Judge Conditionally Approves Purdue Pharma Opioid Settlement

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Pill bottles at a protest against Oxycontin, Purdue Pharma and the Sackler family.
Under the potentially $10 billion settlement, the Sackler family must give up company ownership and contribute $4.5 billion.

A federal bankruptcy judge on Wednesday gave conditional approval to a sweeping, potentially $10 billion plan submitted by OxyContin maker Purdue Pharma to settle a mountain of lawsuits over its role in the opioid crisis that has killed a half-million Americans over the past two decades.

Under the settlement reached with creditors including individual victims and thousands of state and local governments, the Sackler family will give up ownership of the company and contribute $4.5 billion but will be freed from any future lawsuits over opioids.

The drugmaker will be reorganized into a new company with a board appointed by public officials and will funnel its profits into government-led efforts to prevent and treat opioid addiction.

Also, the settlement sets up a compensation fund that will pay some victims of drug addiction an expected $3,500 to $48,000 each.

U.S. Bankruptcy Judge Robert Drain said Wednesday after speaking from the bench for more than six hours that he would approve the plan as long as the two technical changes were made. If so, he said, he will formally enter the decision on Thursday.

He said before his ruling that while he does not have “fondness for the Sacklers or sympathy for them,” collecting money from them through litigation would be complicated.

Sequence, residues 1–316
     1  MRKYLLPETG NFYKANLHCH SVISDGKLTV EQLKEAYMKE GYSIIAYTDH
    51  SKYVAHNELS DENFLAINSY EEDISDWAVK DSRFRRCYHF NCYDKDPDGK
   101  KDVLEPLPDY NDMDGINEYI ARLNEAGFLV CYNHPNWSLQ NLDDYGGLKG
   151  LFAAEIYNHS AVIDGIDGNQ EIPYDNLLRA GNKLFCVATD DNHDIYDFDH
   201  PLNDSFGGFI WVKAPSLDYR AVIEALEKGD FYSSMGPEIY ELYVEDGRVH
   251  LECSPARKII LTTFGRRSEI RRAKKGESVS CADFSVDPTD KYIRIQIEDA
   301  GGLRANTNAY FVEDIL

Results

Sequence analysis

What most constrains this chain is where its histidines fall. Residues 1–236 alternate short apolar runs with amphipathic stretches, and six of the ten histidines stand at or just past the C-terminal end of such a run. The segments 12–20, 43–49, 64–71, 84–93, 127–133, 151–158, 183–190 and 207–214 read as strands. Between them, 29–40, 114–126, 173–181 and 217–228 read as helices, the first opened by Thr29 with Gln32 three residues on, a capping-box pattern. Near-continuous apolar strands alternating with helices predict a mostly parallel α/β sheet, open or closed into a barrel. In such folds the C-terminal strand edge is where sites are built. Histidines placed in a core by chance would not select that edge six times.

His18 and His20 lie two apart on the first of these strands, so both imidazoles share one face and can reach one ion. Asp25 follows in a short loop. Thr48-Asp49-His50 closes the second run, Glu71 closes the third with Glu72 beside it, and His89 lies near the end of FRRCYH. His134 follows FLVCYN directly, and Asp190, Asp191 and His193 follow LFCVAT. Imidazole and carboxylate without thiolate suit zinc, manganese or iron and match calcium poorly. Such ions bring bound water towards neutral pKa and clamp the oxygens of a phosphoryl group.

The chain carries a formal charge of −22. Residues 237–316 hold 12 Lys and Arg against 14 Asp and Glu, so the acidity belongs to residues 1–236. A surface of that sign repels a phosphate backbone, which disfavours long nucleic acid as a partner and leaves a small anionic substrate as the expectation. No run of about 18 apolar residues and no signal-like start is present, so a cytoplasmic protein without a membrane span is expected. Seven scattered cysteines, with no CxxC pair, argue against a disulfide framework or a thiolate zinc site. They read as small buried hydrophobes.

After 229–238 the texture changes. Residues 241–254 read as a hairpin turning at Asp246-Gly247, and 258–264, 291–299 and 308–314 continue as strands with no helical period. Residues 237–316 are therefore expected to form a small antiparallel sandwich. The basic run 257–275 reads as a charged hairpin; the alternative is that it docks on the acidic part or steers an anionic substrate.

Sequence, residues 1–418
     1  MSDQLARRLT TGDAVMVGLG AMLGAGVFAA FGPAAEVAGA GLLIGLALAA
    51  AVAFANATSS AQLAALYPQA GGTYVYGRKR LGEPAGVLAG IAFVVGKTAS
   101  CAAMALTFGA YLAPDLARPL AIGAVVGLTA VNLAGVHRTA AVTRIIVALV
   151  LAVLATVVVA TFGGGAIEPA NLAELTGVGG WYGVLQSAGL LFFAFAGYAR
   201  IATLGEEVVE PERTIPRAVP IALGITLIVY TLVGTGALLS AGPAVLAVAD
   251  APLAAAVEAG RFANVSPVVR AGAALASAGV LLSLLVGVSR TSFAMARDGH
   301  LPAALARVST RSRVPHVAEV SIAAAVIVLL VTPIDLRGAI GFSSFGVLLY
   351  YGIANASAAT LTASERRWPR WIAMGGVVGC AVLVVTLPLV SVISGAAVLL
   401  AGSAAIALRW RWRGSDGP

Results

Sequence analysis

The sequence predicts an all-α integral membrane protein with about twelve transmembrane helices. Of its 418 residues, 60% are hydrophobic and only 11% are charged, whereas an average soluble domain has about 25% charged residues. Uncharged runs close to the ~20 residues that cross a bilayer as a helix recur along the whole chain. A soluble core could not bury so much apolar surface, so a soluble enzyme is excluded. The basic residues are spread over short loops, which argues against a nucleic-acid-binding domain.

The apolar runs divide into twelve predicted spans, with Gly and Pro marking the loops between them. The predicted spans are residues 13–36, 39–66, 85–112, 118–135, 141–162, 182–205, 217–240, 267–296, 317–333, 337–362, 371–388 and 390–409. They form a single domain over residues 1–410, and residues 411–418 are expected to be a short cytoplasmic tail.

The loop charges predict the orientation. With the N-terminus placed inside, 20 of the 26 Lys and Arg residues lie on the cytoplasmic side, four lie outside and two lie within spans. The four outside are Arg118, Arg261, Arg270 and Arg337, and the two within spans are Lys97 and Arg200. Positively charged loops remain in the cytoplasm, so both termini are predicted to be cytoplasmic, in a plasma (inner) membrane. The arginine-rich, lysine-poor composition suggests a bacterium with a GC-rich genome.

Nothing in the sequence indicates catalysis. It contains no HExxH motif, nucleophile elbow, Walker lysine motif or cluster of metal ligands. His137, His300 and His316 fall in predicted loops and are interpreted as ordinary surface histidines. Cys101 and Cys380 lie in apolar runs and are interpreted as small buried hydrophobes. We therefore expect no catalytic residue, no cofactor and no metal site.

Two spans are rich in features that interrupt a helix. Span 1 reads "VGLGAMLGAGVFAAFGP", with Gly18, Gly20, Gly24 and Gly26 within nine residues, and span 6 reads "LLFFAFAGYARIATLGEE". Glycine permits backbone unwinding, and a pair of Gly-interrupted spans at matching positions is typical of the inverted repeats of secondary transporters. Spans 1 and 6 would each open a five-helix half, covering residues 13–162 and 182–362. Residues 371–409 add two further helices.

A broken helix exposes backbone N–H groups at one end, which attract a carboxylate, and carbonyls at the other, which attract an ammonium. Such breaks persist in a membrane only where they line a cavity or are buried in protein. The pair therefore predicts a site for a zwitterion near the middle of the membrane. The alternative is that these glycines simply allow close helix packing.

The settlement comes nearly two years after the Stamford, Connecticut-based company filed for bankruptcy under the weight of some 3,000 lawsuits from states, local governments, Native American tribes, hospitals, unions and other entities. They accuse Purdue Pharma of fueling the crisis by aggressively pushing sales of its best-selling prescription painkiller.

The Sacklers were not given immunity from criminal charges, though there have been no indications they will face any.

Whether the deal provides enough accountability for the Sacklers was the most contentious question through the proceedings. Many state attorneys general and advocacy groups working on behalf of opioid victims pushed for the family members to pay more and initially fought against the liability waiver.

Nine states, Washington, D.C., Seattle and the U.S. bankruptcy trustee, which seeks to protect the nation’s bankruptcy system, opposed the settlement, largely because of the protections granted to the Sackler family. At least some of them are expected to appeal.

Most states have sued Purdue, claiming it aggressively marketed OxyContin, contributing to an opioid overdose and addiction epidemic that has been linked to more than 500,000 deaths in the U.S.

Opioid-linked deaths in the U.S. continued at a record pace last year, hitting 70,000.

Additional reporting by the Associated Press.